Le Mans 1955 had all the makings of a titanic struggle. British driver, Mike Hawthorn, joined the Jaguar team as Moss had moved to Mercedes-Benz in his quest for Grand Prix success.

For the first hour or so a magnificent race was fought by Castellotti in the Ferrari, Fangio in the Mercedes he was sharing with Moss and Hawthorn in a D-type. The D-types had been revised and now wore 'long-nose' bodywork to improve air penetration. A new 'wide angle' cylinder head with increased valve sizes had been designed with a resultant increase in power to 275bhp. Sadly this was the year of the tragic crash with a large number of spectators killed when one of the Mercedes crashed into the crowd. Fangio and Hawthorn were locked in a thrilling tussle, passing and re-passing until the remaining Mercedes were with-drawn. Hawthorn and Ivor Bueb went on to a rather empty victory.

Just as Jaguar had manufactured a small quantity of 'Production C-types' so they now began selling a limited number of 'Production D-types'. Again these were mainly intended for competition use. Of the 42 made, some 18 were exported to the States. The big Mark VII's were showing that they could also be used to good effect in competition. Indeed Ronnie Adams crowned a number of successes with victory in the 1956 Monte Carlo Rally. Jaguar thus became the first manufacturer ever to win both Le Mans and the Monte Carlo Rally in the same year. Indeed 1956 was a very special year for Jaguar and Sir William Lyons, for such he had been bestowed in the New Year's Honours' List.

Le Mans that year was a curious one for Jaguar. On the second lap two of the cars collided with each other in the Esses and the third was put out of contention by a split fuel line. It would have been a complete disaster had it not been for the fact that Jaguar had, in effect, a back-up team. A private Scottish team by the name of Ecurie Ecosse had been racing Jaguars for several years and were running two D-types. Luckily for Jaguar the one driven by Ron Flockhart and Ninian Sanderson crossed the line in first position.

Late in 1956 the Mark VII was replaced by the evolutionary Mark VIII. In appearance the car benefited from being given a one-piece windscreen, and the radiator grille was altered. Mechanically the car was given a new cylinder head christened the B-type, illogically following the C-type! This new head had an altered valve angle and enabled the engine to produce 210 bhp. Around this time the very exciting XK-SS, a road-going version of the D-type, with refinements, was produced. Amazingly, this was to use up D-type parts which were surplus because of poor sales of that model! However, XK-SS production was abruptly halted after just 16 had been made due to an enormous, and potentially catastrophic, fire at the factory. Luckily damage was reasonably restricted, and with marvellous co-operation from workforce and suppliers, normal production was resumed remarkably swiftly. But the vital jigs for the D-types and XK-SS's had been destroyed.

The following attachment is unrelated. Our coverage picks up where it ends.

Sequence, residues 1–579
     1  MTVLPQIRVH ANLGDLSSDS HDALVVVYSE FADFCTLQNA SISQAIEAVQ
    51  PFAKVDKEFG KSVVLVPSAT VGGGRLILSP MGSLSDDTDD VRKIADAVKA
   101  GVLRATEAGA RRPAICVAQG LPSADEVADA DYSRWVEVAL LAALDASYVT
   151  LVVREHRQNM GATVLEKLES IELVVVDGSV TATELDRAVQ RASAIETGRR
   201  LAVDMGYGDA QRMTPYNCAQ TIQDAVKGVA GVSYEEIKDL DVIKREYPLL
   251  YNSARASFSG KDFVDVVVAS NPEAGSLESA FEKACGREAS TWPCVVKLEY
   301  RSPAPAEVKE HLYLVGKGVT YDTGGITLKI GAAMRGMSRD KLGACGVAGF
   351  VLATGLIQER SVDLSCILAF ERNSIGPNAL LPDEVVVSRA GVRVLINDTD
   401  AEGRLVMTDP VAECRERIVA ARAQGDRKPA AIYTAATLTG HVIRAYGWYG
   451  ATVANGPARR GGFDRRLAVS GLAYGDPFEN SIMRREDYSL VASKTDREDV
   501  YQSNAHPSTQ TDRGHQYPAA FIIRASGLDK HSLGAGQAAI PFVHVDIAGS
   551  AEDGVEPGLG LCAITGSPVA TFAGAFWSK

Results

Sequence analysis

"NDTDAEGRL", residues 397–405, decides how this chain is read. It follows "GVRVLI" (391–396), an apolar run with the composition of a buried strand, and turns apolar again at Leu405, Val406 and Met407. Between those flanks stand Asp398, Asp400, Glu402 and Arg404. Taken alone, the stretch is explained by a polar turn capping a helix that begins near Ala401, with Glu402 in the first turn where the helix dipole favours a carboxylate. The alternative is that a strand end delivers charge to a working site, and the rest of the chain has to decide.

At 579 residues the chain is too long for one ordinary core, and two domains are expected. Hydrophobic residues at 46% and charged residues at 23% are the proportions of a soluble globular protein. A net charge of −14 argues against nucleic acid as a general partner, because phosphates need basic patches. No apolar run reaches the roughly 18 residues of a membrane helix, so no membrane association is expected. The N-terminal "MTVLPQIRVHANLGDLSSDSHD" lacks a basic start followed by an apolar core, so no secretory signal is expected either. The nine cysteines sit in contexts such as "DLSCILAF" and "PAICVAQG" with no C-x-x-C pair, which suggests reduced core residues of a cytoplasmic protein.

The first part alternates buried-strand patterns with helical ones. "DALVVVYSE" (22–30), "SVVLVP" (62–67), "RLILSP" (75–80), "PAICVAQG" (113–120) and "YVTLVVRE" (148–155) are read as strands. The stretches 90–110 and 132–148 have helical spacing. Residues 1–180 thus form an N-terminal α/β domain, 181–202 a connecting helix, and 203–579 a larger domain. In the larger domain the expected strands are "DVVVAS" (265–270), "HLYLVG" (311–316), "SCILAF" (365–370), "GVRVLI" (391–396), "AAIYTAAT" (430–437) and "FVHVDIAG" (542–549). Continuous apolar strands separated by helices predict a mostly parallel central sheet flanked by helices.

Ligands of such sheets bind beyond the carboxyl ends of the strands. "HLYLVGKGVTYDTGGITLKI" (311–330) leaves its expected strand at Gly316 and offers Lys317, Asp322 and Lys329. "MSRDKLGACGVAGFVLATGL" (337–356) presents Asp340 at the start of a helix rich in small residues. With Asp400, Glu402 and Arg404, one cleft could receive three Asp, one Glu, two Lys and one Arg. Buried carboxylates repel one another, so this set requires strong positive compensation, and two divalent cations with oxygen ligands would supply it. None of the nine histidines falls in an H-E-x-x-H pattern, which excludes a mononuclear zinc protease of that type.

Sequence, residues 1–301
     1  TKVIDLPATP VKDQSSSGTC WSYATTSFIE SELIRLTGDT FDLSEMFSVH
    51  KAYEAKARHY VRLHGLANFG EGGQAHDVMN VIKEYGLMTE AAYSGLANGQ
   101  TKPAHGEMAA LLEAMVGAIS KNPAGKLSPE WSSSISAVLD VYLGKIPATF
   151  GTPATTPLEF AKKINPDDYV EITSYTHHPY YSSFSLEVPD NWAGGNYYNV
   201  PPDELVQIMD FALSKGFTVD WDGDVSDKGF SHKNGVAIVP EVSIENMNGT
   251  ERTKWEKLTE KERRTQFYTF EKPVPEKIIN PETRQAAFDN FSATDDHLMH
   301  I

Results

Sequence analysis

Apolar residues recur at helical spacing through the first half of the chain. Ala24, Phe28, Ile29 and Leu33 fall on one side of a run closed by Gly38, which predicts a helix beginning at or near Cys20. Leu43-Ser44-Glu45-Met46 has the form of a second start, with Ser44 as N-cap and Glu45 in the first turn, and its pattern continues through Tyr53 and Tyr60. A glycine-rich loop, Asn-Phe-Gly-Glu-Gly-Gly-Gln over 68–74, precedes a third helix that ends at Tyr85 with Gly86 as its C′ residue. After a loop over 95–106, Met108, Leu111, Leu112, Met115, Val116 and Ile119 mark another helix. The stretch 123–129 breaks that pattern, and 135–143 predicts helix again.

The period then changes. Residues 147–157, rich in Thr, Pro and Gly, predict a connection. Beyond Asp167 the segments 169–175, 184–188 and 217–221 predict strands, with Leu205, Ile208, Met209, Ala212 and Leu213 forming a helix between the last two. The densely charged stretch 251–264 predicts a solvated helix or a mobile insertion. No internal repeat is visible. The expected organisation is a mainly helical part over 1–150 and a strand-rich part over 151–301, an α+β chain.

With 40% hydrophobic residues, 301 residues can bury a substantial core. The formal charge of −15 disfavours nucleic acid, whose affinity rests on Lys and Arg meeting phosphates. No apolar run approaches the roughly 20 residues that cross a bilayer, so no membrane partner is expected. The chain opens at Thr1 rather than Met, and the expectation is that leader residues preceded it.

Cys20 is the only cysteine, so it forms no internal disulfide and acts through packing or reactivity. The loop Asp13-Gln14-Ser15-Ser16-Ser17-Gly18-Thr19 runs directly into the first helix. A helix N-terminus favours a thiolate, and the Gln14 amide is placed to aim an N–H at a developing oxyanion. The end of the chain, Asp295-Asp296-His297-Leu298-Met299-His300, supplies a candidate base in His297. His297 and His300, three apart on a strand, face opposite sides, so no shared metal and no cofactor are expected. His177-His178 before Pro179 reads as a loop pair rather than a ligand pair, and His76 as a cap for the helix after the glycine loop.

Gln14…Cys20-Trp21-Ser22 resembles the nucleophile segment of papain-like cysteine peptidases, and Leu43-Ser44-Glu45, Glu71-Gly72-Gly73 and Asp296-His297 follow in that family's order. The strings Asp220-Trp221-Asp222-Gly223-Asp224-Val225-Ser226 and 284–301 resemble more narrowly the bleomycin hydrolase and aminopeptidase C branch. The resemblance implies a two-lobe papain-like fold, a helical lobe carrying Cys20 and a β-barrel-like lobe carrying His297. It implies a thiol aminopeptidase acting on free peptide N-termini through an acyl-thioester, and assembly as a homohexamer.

The same near-disaster almost ruined the launch of a new sister for the 2.4 saloon. Logically, Jaguar had decided to fit the 3.4 engine in the saloon body and this made a very sprightly sporting saloon. Maximum speed was 120 mph and 60 mph could be reached in just 11.7 seconds. Having developed disc brakes in the best testing conditions possible - endurance racing - Jaguar were ready to fit them to production cars and the first models to benefit were the new XK150's in May, 1957. Fitted as standard with the 190 bhp XK140 engine, the 150 could also be purchased in Special Equipment guise with the 210 bhp B-type engine. Braking had never been the XK's strongest point and with performance and weight gradually increasing, the new disc brakes adequately provided much needed improvement.